Journal Information
Vol. 88. Issue S4.
Pages S50-S57 (November - December 2022)
Share
Share
Download PDF
More article options
Visits
...
Vol. 88. Issue S4.
Pages S50-S57 (November - December 2022)
Original article
Open Access
Cone beam computed tomography with oral contrast for accurate diagnosis and surgical planning of pharyngeal leakage and fistula: a case series
Visits
...
Mitsuyoshi Imaizumi
Corresponding author
ima-mitu@fmu.ac.jp

Corresponding author.
, Toshihiko Suzuki, Shigeyuki Murono
Fukushima Medical University, School of Medicine, Department of Otolaryngology, Fukushima, Japan
Highlights

  • We evaluated pharyngeal leakage and fistulae using contrast CBCT.

  • Contrast CBCT provides three-dimensional images taken in a sitting position.

  • Contrast CBCT is useful for accurate diagnosis of leakage and fistula.

  • Contrast CBCT may be an effective option to detect pharyngeal leakage and fistulae.

Article information
Abstract
Full Text
Bibliography
Download PDF
Statistics
Figures (3)
Show moreShow less
Additional material (2)
Special issue
This article is part of special issue:
Vol. 88. Issue S4
More info
Abstract
Objective

Pharyngocutaneous fistula is one of the severe complications related to head and neck surgeries. Detecting the accurate three-dimensional location of both the fistula and leakage is essential for surgical treatment. Videofluoroscopy is usually used for locating these; however, its imaging is two-dimensional. We evaluated pharyngeal leakage and fistulae using Cone Beam Computed Tomography (CBCT), known for its three-dimensional high spatial resolution imaging, taken in a sitting position, with oral contrast (contrast CBCT).

Methods

Pharyngeal leakage and fistulae were evaluated in a total of 31 subjects by sequentially performing videofluoroscopy and contrast CBCT. The detection accuracy of videofluoroscopy and contrast CBCT for leakage and fistula, as well as the ability to determine the extent and depth for surgical planning, were investigated and compared.

Results

Videofluoroscopy and contrast CBCT showed suspicious leakage and/or fistula in six and three of the 31 subjects, respectively. Surgical findings revealed the presence of leakage and/or fistula in three of the 31 subjects. The positive predictive values of videofluoroscopy and contrast CBCT were 50% (3/6) and 100% (3/3), respectively. Contrast CBCT provided more precise images, showing the extent and depth of leakage and fistula in three-dimensions.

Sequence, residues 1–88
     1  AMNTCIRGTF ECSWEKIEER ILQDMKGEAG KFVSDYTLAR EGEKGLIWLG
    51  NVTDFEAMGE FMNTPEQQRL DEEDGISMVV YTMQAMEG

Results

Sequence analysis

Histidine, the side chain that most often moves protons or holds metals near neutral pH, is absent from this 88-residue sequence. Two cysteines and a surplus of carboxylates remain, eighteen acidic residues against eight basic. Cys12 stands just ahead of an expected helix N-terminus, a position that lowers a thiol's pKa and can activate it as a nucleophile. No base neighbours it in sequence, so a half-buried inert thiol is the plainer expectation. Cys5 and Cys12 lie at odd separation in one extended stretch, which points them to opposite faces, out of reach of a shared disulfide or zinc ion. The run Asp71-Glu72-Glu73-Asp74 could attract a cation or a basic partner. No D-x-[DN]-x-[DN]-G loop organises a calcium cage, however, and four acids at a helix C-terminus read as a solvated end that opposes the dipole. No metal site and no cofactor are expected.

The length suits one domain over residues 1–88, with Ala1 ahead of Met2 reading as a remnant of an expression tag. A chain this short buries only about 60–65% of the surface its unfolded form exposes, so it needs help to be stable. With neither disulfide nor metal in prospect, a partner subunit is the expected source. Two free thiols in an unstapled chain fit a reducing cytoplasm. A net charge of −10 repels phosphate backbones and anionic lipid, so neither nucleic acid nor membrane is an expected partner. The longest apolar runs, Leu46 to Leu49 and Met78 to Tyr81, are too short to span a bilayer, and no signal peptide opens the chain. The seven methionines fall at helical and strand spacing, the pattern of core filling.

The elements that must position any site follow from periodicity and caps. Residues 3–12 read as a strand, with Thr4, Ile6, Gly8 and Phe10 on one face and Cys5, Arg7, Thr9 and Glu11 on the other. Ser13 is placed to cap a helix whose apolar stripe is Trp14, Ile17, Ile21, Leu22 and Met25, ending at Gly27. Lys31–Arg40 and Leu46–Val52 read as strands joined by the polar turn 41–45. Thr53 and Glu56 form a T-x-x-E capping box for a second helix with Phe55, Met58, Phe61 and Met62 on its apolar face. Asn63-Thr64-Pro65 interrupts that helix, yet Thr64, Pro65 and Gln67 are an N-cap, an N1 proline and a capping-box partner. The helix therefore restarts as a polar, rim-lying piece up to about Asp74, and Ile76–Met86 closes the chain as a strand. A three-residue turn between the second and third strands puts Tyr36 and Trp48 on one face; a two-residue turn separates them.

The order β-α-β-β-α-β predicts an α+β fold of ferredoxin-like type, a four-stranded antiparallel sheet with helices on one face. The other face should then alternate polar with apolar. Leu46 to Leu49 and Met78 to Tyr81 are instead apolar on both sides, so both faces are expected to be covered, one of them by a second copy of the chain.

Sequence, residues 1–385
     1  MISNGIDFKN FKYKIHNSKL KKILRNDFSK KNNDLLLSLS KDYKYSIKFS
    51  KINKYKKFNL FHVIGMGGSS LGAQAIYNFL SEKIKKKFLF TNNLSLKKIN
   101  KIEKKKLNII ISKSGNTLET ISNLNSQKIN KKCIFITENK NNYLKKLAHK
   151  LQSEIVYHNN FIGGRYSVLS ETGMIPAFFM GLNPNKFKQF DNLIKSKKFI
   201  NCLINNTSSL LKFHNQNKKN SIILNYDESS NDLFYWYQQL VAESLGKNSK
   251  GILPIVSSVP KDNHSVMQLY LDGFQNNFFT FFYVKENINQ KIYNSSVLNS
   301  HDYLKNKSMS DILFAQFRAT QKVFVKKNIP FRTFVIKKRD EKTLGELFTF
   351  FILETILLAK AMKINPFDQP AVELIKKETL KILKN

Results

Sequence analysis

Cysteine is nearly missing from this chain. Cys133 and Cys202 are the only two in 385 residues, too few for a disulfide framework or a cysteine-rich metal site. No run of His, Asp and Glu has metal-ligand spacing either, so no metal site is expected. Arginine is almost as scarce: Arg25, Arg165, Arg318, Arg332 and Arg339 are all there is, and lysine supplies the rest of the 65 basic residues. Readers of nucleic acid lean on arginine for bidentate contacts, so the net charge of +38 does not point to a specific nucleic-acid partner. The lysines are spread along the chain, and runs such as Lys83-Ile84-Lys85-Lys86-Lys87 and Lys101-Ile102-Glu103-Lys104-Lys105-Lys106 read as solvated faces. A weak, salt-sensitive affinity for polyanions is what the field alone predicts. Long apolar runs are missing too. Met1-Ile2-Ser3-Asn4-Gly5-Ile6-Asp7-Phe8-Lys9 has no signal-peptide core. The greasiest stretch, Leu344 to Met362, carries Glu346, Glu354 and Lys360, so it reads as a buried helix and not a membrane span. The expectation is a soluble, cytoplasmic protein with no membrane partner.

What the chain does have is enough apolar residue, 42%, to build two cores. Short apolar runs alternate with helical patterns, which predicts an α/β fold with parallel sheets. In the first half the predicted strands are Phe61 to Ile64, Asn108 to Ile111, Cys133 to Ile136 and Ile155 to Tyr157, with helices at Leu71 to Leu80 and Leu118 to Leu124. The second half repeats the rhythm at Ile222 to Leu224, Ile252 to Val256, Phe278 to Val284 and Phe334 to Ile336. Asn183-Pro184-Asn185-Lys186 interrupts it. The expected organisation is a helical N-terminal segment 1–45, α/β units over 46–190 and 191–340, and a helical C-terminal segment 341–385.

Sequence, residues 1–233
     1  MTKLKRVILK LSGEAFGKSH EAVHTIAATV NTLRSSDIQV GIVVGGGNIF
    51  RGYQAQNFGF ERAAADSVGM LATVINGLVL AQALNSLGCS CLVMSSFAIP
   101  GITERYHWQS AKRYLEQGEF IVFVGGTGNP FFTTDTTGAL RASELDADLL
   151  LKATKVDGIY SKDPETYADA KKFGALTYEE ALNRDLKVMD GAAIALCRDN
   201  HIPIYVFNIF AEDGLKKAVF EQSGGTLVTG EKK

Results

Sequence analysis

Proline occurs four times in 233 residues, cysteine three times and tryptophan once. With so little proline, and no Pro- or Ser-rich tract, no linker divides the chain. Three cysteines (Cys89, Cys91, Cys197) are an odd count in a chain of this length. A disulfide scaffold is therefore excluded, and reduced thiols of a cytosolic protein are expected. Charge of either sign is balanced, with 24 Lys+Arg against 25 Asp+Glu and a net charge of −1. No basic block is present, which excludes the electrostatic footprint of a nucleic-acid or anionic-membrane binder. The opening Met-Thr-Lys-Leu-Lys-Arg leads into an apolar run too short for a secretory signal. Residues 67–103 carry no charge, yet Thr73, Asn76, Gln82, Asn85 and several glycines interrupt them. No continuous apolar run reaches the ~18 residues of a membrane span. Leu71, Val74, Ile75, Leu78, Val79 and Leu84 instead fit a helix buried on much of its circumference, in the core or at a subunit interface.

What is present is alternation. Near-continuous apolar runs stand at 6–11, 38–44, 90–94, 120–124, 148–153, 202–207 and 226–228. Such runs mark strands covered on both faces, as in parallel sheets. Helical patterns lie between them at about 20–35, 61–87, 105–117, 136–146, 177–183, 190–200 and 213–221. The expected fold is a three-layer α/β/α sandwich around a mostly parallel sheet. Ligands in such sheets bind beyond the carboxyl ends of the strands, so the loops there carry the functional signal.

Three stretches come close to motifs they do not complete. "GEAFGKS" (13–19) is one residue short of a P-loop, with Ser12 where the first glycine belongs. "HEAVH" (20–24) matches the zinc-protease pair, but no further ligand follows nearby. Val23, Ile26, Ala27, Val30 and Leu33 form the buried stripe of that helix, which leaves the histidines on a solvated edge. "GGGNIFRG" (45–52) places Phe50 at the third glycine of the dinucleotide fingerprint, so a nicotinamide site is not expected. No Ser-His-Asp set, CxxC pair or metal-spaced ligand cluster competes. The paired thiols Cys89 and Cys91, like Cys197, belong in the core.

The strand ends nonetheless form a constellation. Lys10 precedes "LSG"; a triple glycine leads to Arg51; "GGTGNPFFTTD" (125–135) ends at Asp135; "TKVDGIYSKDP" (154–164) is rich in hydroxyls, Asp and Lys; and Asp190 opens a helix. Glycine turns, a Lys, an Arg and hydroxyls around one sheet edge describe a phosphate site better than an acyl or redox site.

Conclusion

The present study’s results indicate the usefulness of contrast CBCT in terms of accurate diagnosis of leakage and fistula, due to its three-dimensional imaging being performed with the patient in a sitting position.

Level of evidence

4.

Keywords:
Cone beam computed tomography with oral contrast (contrast CBCT)
Videofluoroscopy
Pharyngeal leakage and fistula
Three-dimensional imaging
Full Text
Introduction

Pharyngocutaneous fistula, defined as a dehiscence of the closure of the pharyngeal mucosa, resulting in leakage of saliva and communication with the skin,1 is a common and well-known complication related to head and neck surgical procedures, such as laryngectomy, pharyngeal reconstruction after laryngopharyngectomy, and laryngotracheal separation.2,3 The reported incidence of pharyngocutaneous fistula following laryngectomy ranged from 5% to 65% in the 1970s and 1980s, and from 9% to 25% in the last decade. Its occurrence vastly increases the length of hospital stay and, consequently, treatment costs.4,5 Even minor salivary leakage from the anastomosis can cause serious infection, and requires careful observations, conservative management and/or surgical treatments. Moreover, according to a recent review, conservative therapy was not effective in 10–44% of patients with head and neck fistulae.6 Therefore, precisely detecting the presence or absence of leakage and accurately locating the fistula and leakage three-dimensionally are essential for appropriate surgical planning. Videofluoroscopy is usually used for detection of fistulae and leakages,7,8 however, its imaging is two-dimensional, which might be insufficient for accurate location, thus hindering effective surgical treatment.

To observe the three-dimensional pharyngeal leakage, conventional Computed Tomography (CT) is typically used. However, to perform cervical CT after the contrast material is swallowed in a sitting position, 5–10 minutes are required to: secure the patient’s head and body in a supine position; determine the scan range; perform test scanning; and confirm the range. During this period, the contrast material can be cleared or decreased by spontaneous swallowing, as spontaneous saliva swallowing is reported to occur at least every minute.9 This time lag may lead to the overlooking of minor and/or complicated leakage, or inaccurate localization of fistulae.

On the other hand, Cone Beam Computed Tomography (CBCT) imaging, initially used for dental radiology and known for its three-dimensional high spatial resolution imaging at low radiation dose for evaluation of bony structures in the head and neck, is performed with the patient in a sitting position.10,11 However, it has been reported that the soft-tissue resolution of CBCT is not good, leading to a lack of diagnostic information.10